Rocked by Love (Gargoyles Series)(5)

By: Christine Warren



Swooping in, Dag caught her in his powerful grip, but this time he tempered his strength, careful to keep his claws from biting through cloth and into flesh. Two powerful beats of his wings lifted them high into the sky over a city glistening with light and movement. He needed to move away from here swiftly before the noise of the brief skirmish drew more humans to the site. His kind had been summoned into this world to battle the nocturnis and their demonic masters, but they attempted to remain unseen whenever possible.

He glanced around quickly, noting both familiar and unfamiliar landmarks below him. He knew not how long he had slept since his last waking, but he could see that many years had passed him by. The small settlement he remembered had been called a city by its inhabitants even then, but it had paled in comparison to the older and larger European capitals he had known. Now, though, it appeared to have grown into itself, stretching much farther than the boundaries in his memories.

It took a moment to orient himself, but he recognized the closest building as the home of his former Warden. He did not doubt that the man had by now passed into the next world, but at least by sighting it, Dag knew where he was. He had not been moved in more than three hundred years.

The trip to reach the rooftop of the four-story mansion of the Houghton family could barely be called a flight. He hovered a moment over his old landing spot before recoiling in disgust. The detritus and building debris he might have ignored, but the sharp, sulfurous stink of tar could not be borne. He needed another spot to land out of sight of humans, and quickly, judging by the rate at which the rigidity of shock and fear had begun to leach from his human burden. She would not remain quiescent long.

Dag glanced around, his gaze finding a familiar sight in the crowded skyline. A church spire rose into the night, the open archways of its belfry providing an easy entrance and exit as well as an excellent vantage point from which to observe those passing below. He could reach it in moments and slip himself and his human charge inside before the chances of being seen became too dangerous.

Changing direction with a twitch of his wings, he covered the distance of more than a mile in seconds. He had to draw up and hover for a moment in order to set the human female safely on the floor inside the bell tower, because his full wingspan would never fit through the arched openings. With his rear claws free, he dug them into the stone of the portal and perched long enough to furl the appendages before hopping in after her.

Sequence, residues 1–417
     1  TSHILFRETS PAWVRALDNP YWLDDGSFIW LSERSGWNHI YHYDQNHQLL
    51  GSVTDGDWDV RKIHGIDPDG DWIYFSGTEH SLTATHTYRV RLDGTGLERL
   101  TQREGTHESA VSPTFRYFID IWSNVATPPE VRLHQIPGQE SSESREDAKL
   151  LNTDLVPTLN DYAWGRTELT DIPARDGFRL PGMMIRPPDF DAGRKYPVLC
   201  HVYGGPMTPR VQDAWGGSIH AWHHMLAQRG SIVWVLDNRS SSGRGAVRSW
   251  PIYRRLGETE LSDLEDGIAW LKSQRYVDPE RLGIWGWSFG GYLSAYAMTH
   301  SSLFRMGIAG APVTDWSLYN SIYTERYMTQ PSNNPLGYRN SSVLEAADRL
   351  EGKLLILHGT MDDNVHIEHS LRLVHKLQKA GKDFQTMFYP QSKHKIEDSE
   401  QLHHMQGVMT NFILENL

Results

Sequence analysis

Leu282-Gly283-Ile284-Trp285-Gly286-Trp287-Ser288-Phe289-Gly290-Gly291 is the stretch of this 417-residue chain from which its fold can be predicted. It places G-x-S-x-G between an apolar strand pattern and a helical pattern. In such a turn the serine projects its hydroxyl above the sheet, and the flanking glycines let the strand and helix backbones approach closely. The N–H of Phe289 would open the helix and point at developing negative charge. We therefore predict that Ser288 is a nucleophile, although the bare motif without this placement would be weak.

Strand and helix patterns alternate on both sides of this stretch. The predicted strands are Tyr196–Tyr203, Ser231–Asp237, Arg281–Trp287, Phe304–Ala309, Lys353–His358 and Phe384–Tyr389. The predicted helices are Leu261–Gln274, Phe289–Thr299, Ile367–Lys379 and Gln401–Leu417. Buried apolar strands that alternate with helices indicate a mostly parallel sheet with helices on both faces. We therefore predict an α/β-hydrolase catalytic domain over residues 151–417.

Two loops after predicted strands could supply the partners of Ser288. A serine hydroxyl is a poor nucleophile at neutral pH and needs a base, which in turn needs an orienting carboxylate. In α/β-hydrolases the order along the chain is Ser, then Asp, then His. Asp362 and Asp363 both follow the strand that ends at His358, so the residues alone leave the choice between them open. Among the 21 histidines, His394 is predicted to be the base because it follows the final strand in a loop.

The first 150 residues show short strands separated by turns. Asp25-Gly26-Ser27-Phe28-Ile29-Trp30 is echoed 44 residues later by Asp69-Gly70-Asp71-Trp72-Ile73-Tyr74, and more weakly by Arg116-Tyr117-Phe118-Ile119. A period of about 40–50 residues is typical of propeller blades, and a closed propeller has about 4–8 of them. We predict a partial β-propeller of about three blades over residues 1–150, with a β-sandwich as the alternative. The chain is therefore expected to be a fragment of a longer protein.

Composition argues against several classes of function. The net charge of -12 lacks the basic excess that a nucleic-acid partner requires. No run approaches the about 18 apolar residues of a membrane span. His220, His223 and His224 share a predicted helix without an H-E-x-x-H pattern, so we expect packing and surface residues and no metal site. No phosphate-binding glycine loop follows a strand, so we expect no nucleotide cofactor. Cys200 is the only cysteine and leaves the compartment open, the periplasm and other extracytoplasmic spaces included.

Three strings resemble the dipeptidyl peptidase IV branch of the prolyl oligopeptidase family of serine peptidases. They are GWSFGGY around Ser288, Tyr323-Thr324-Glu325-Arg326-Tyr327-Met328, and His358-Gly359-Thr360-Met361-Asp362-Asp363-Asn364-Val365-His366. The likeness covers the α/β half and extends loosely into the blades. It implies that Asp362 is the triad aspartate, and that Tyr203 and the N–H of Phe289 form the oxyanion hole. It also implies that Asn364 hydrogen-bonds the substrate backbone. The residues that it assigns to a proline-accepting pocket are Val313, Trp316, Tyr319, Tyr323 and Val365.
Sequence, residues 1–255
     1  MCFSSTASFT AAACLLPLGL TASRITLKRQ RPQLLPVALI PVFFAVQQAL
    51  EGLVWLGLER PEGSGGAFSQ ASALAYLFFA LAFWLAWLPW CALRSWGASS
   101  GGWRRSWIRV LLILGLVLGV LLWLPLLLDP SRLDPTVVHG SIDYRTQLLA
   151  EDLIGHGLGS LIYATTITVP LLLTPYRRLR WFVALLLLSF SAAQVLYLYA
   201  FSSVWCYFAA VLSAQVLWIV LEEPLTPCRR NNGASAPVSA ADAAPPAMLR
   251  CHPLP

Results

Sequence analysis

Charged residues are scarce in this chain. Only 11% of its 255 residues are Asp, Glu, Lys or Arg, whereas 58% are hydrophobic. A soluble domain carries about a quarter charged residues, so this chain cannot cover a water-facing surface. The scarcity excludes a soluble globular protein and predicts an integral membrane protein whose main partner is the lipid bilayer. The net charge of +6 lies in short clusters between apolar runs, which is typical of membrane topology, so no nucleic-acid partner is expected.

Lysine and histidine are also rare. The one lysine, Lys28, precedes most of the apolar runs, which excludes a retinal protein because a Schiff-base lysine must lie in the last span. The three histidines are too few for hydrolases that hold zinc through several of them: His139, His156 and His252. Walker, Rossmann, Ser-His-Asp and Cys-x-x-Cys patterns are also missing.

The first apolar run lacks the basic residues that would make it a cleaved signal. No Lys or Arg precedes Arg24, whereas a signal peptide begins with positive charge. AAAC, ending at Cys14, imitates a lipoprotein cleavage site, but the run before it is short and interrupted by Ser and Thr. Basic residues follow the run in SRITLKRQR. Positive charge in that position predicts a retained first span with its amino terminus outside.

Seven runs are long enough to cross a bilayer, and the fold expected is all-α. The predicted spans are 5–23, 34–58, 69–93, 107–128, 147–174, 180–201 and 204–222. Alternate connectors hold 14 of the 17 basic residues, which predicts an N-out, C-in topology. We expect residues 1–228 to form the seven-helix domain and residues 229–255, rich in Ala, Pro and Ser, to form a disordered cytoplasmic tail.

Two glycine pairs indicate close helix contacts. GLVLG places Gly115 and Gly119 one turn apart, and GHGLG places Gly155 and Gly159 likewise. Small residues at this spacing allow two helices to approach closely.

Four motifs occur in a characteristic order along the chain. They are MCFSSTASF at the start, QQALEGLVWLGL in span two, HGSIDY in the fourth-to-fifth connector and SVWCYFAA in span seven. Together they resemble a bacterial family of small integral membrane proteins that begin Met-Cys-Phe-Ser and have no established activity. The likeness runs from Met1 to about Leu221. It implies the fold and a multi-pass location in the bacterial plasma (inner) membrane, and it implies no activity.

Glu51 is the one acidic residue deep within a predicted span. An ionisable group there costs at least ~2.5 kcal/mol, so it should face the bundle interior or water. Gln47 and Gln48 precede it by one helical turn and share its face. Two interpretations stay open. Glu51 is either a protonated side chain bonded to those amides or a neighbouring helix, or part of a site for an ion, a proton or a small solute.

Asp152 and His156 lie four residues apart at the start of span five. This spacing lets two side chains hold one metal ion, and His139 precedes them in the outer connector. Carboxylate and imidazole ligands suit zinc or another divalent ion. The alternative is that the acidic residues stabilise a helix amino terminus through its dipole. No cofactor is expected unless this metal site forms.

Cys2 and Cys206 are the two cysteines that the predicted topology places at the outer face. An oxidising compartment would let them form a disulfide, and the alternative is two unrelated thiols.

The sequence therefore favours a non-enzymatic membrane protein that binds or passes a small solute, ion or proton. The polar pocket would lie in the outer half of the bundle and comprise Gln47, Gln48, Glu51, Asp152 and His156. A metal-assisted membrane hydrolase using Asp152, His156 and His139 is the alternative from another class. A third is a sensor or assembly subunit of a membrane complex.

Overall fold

Half a second after her feet touched the floor, her bottom followed. Her grunt nearly echoed in the cavern of the church bell, but she made no other sound, just stared up at him with wide, dark eyes.

Dag returned her gaze, finally taking notice of how tiny the female actually was. Oh, he had known she weighed so little he had barely noticed as he lifted her from the ground and flew her to safety; but he was a warrior, strong and hardened by battle. He could have flown a military tank that short distance.

No, the human wasn’t simply light, she was little. He couldn’t remember the last time he had encountered a human so small unless it was a child. This female, though, appeared fully grown, with mature curves visible even through her heavy garments. Still, the top of her head had barely reached his collarbone before she collapsed, even though he stood among the shortest of his kind. He doubted the human could boast so much as five feet of height. He literally was twice her size, but somehow she didn’t appear to be afraid of him.

In fact, if he were forced to label the expression on her unexpectedly strong features, he would have to say she looked fascinated. She barely blinked, her gaze devouring him in long, thirsty gulps.

Those dark eyes dominated her face, wide and heavily lashed, tilted just the slightest bit at the corners. Her brows, too, were heavy, but gracefully arched and almost black against her fair skin. Her nose suited her face, strong and straight but not too large for femininity. It perched above a cupid’s bow of a mouth now half open in astonishment. Her chin dipped toward her chest, a rounded point that indicated a mischievous and determined nature.

Overall, her face gave the impression of a lively spirit and a strong will, the type of human who spoke definitely and often. Thankfully, for the moment she remained silent, but he wondered how long that would last.

Also By Christine Warren

Last Updated

Hot Read

Recommend

Top Books